Monday, June 01, 2015


In church yesterday, we discussed (in part) aspects of the proclamation on the family, first released by the leaders of The Church of Jesus Christ of Latter-day Saints in 1995. At the time this proclamation was released, it wasn't particularly controversial, but twenty years on, it has come more and more into conflict with the ever-changing values and mores of society.

One of the complaints commonly leveled against this proclamation is its supposed rigidity of gender roles for fathers and mothers. Critics complain that such roles are unequal, outmoded and probably impossible to achieve, and that they do not take into account the differing desires of individuals.

Let's take a brief look at the verbiage in question:
By divine design, fathers are to preside over their families in love and righteousness and are responsible to provide the necessities of life and protection for their families. Mothers are primarily responsible for the nurture of their children. In these sacred responsibilities, fathers and mothers are obligated to help one another as equal partners. Disability, death, or other circumstances may necessitate individual adaptation. Extended families should lend support when needed.
Critics tend to vent their spleens on the "dads lead and make money, moms take care of the kids" section of this statement without bothering to read and synthesize what comes directly afterwards, to wit: parents are equal partners who help each other, individuals should adapt to their specific circumstances, and other family members should provide support as those circumstances warrant.

Interesting, isn't it, that critics refer to these differing male and female duties as "roles"? What exactly is a role, anyway, and does it mean only what critics want it to mean -- rigid and inflexible play-acting? Or could the word be interpreted a little differently?

As I've written before, I love the musical Wicked and have been lucky enough to see it produced numerous times on stage. One of the things I particularly look forward to seeing is the way the role of Elphaba is played by different actresses. Some things stay the same in every production: Elphaba always wears green makeup and a black witch hat, always sings the same songs and speaks the same lines. And yet, while staying within the bounds of that well-defined role, every actress manages to create her own very different version of Elphaba: one aloof and passionate, another bubbly and optimistic, a third shy and bookish, yet another bitter and angry. There's more than enough leeway to allow for almost infinite variations on a theme, depending on what each actress brings to the role and how she chooses to interpret it.

Something similar is happening in my own life. I bring my particular experiences, abilities, biases and problems to the "role" of wife, and they determine in large part how I choose to interpret that role on a daily basis. According to the proclamation, the ideal role for an adult woman in a family is motherhood: raising and nurturing her own children. But the proclamation also fully acknowledges that individual circumstances don't always make that role practical or even possible. My personal circumstances happen to include infertility, so I can't be a biological mother. I guess I could spend all my time beating myself up over it, or I could take heart from the phrase "circumstances may necessitate individual adaptation" and adapt. And that's what I've chosen to do. While we probably won't ever have biological children, for the last eight years Captain Midnight and I have been extremely fortunate to have a fantastic niece in our home, whom we love like a daughter.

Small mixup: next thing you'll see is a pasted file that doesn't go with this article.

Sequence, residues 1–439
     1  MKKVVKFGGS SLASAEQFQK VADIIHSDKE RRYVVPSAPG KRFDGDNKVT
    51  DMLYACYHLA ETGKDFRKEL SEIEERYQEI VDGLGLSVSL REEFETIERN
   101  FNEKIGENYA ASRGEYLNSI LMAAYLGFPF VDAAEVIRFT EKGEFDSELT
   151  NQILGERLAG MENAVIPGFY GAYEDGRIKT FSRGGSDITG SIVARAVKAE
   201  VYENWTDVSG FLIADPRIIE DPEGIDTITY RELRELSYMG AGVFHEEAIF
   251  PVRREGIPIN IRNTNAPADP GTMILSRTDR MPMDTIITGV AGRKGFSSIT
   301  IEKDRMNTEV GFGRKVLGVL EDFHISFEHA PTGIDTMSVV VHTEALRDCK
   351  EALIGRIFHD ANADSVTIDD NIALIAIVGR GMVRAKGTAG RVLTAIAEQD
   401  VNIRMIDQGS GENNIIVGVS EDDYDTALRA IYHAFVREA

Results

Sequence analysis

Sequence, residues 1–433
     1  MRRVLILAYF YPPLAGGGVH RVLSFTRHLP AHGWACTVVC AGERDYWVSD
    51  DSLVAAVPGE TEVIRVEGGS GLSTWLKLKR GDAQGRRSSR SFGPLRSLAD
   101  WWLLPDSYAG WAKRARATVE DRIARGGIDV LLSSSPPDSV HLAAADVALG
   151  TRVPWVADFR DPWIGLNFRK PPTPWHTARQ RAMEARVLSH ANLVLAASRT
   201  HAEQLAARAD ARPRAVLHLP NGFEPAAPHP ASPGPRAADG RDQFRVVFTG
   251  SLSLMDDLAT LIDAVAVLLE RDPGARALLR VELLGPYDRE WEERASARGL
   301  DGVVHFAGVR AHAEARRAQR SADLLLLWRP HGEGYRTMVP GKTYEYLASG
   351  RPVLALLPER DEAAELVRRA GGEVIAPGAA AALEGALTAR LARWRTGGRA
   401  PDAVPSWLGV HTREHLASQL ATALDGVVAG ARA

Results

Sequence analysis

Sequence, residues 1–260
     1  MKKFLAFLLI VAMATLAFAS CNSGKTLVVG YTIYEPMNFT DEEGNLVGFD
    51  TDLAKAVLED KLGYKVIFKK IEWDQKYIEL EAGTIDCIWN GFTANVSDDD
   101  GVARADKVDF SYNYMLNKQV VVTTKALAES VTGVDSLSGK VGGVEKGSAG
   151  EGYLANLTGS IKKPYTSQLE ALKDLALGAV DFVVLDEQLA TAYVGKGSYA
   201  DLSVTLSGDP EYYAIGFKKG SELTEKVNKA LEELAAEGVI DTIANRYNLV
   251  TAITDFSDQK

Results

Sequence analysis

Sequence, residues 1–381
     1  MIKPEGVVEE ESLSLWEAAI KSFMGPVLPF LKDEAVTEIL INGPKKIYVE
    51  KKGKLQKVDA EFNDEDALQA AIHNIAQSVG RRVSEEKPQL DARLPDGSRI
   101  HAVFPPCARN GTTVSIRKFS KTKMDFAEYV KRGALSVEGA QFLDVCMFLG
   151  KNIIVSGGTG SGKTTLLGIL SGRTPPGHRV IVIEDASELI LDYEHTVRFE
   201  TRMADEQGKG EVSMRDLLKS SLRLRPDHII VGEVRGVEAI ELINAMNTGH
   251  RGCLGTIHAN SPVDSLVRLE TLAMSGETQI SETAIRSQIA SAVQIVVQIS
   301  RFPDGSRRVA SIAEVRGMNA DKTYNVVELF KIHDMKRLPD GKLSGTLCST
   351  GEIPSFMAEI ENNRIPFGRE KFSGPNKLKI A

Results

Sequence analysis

Certainly I'm not alone. I could easily come up with a half-dozen examples of people who have adapted their roles to specific conditions. In the wake of my father's early death, my mother was thrown into a situation where she suddenly became both the family nurturer and the primary breadwinner. More than one sister in my ward has experienced similar double-duty roles after going through divorce. Some women long to be married and have children, but never get the chance to do so. Others go a little stir-crazy staying at home with the kids and have a real psychological need to hold an outside job. Occasionally circumstances make it more practical for Mom to work and Dad to stay home. In all cases, the response is not an inflexible "NO YOU HAVE A ROLE STICK TO THE ROLE DANGIT!!!1!!1!" but practical, supportive advice encouraging us to adapt, to interpret, and to find out what works best for our specific situations. God knows we don't always get to live under ideal circumstances; fortunately, they aren't necessary to carve out good, well-balanced and happy lives.

(Oh, and by the way? NOTHING in the proclamation spells out any of the other individual duties family members may hold. There's nothing that says men have to take out the garbage and mow the lawn and kill spiders, nothing that says women have to do the laundry and wash dishes and bake bread. The business of determining who does what chore in any particular household is left completely up to the members of that household to decide. I guess the proclamation doesn't define roles nearly as rigidly as people are led to believe.)

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